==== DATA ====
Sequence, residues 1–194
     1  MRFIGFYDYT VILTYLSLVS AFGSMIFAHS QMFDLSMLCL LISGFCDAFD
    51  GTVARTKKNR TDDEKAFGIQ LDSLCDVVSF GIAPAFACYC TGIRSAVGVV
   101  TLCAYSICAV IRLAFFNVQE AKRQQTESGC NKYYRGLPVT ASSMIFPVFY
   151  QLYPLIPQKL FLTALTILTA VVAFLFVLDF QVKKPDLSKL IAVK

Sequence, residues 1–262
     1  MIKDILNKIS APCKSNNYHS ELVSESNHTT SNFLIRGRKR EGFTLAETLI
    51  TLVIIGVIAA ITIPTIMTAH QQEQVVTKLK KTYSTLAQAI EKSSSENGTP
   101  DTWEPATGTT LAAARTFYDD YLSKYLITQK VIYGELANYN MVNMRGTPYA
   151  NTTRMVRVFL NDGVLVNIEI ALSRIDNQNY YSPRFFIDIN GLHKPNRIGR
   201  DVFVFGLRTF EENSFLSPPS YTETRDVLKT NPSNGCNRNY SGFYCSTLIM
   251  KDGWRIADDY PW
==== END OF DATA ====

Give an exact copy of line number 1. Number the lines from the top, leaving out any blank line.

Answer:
Sequence, residues 1–194